Trying to transfer a domain to another registar? Fear not.
In order to transfer a domain to another registar, you’ll need the following:
1. Access to your registrar account. This is a must because if you don’t you won’t be able to access the “authorization codes” needed to transfer the domain.
2. Change the administrator email account to the person handling the transfer. This way he/she will get the necessary information and won’t have to bug you
3. Unlock the domain so that you can initiate the transfer.
4. Purchase the transfer credit via the new registrar.
5. Gather the authorization codes sent by new registrar.
6. Gather the losing registrar’s transfer authorization code.
7. Losing registrar must accept the transfer or the transfer will be finalized in 3-7 business days.
I just got a domain name renewal notice in the mail and thought to myself, didn’t I purchase that domain for 5 years. Crap, who is my registrar again? Are you asking yourself these same questions? Several of our customers have and after a bit of digging we realized the notice they received did not come from their true registrar.
A company by the name of Domain Registry of America has been sending out these types of suspicious notices for years. The notice is portrayed to be a friendly reminder that you’re domain name is about to expire but little do you know it’s a solicitation to get your business so don’t be fooled.
Here’s a sample of what the solicitation looks like. Thanks Scrappybusiness.com!
Also, special thanks to Nick Stamoulis for writing “Domain Registry of America: Don’t be scammed!” a few years back warning us about this scam that still continues to this day. The full article can be found here http://www.searchengineoptimizationjournal.com/2008/03/18/domain-registry/
If you ever have questions about your domain please don’t hesitate to call us!
I just received an interesting notice in the mail from Domain Registry of America. It was real easy for me to identify these schmucks as scam artists, but the average consumer may not find it so easy.
In the top right corner of the mailing are the words “Domain Name Expiration Notice.” Then, below that, there is an 800 number and a web address (www.droa.com). It’s an official looking letter and arrives in an official looking envelope and a return envelope, addressed but not postage paid. The letter begins, “As a courtesy to domain name holders, we are sending you this notification of the domain name registrations that are due to expire in the next few months.”
Some people may not know when their domains expire, but I do. I also know who my domain registrars are and I have no interest in switching. The letter continues:
When you switch today to the Domain Registry of America, you can take advantage of our best savings.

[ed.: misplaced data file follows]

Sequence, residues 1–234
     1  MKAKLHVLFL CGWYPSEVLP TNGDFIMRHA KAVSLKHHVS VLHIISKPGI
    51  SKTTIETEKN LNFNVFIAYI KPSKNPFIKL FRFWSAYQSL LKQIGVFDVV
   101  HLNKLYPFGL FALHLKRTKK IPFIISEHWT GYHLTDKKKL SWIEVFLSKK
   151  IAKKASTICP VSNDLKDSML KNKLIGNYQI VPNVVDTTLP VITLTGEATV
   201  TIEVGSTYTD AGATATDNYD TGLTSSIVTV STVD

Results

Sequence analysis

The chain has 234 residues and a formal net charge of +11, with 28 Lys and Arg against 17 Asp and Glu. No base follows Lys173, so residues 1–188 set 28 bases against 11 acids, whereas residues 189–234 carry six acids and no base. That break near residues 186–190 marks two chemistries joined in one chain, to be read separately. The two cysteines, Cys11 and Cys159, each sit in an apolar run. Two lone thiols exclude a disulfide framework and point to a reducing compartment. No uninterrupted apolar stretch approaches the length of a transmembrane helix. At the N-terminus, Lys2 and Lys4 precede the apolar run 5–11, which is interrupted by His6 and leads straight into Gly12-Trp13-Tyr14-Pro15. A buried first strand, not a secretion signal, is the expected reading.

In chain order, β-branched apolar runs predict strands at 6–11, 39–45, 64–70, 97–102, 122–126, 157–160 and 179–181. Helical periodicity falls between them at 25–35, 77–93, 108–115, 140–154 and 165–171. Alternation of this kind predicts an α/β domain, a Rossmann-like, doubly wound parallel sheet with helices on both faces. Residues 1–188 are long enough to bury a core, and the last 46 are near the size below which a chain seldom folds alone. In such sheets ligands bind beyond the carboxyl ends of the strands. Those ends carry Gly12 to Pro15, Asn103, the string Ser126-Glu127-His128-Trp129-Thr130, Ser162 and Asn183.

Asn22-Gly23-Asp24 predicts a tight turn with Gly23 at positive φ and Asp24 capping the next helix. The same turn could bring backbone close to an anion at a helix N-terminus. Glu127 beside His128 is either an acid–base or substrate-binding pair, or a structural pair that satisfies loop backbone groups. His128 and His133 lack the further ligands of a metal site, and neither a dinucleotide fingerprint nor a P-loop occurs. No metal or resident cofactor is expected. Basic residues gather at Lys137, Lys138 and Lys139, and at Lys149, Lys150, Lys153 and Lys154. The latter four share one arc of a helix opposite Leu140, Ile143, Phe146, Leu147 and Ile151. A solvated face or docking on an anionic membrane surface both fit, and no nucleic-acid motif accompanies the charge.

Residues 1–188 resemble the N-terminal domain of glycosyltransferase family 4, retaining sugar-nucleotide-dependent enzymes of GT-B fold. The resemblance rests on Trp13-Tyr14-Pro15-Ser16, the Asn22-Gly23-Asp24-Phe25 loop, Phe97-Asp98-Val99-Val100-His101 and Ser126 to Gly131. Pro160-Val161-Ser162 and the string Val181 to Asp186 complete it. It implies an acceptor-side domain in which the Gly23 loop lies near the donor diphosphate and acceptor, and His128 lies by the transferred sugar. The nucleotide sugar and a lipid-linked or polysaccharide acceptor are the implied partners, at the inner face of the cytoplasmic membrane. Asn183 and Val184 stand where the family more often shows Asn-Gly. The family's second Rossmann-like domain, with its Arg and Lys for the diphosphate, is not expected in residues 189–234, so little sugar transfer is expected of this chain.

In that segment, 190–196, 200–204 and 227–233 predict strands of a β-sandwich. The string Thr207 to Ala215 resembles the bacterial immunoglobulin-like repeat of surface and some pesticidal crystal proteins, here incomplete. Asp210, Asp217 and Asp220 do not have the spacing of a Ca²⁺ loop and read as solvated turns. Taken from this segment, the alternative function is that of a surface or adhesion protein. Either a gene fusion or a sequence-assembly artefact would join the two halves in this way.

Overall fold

Then the letter tells me when my domain names expire – several months away. But they want me to “Act today!”
First, if I did switch my domain registration to Domain Registry of America, I wouldn’t be saving any money. I’d be losing money; and that’s probably the case with anyone.
I currently pay $10 per year for domain name registration, the going rate. Some web hosts include this fee in their packages. Others offer registration for less than $10. In any case, I’d never pay more than $10. Domain Registry of America wants to charge me $30.00 for one year or $50.00 for two years. And in bright red letters next to the $50.00 price tag are the words “save $10.” Hmmm … by my calculations I’d be losing $15. Nice scam they have going there.
There are probably people who would fall for this. But I’d caution my readers to stay away from these people. After doing a little more research (like a Google search), I discovered that I was not the only person to have been solicited by these people.
The Federal Trade Commission has requested that a federal district court enjoin Domain Registry of America, Inc., an Internet domain name re-seller, from making misrepresentations in the marketing of its domain name registration services and require it to pay redress to consumers.
That was 2003. Evidently, these guys have been around a long time. There are 58,400 results on the Google SERP for this company’s name inside quotes. Most of them are negative reactions to DROAs aggressive marketing tactics and its penchant for misrepresentation. The company’s response? Theythreatened to sue a blogger whose blog posts ranked highly for their company name.
Read rest of the article at: http://www.searchengineoptimizationjournal.com/2008/03/18/domain-registry/